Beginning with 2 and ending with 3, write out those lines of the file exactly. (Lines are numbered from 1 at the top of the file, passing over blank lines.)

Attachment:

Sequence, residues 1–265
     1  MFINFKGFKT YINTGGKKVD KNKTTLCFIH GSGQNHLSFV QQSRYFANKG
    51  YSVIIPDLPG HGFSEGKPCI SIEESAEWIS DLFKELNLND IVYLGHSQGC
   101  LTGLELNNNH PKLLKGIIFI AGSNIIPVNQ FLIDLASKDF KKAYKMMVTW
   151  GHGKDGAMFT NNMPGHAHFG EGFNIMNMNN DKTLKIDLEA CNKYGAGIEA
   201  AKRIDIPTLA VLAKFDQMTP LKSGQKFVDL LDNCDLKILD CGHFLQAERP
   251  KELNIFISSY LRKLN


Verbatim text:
     1  MFINFKGFKT YINTGGKKVD KNKTTLCFIH GSGQNHLSFV QQSRYFANKG
    51  YSVIIPDLPG HGFSEGKPCI SIEESAEWIS DLFKELNLND IVYLGHSQGC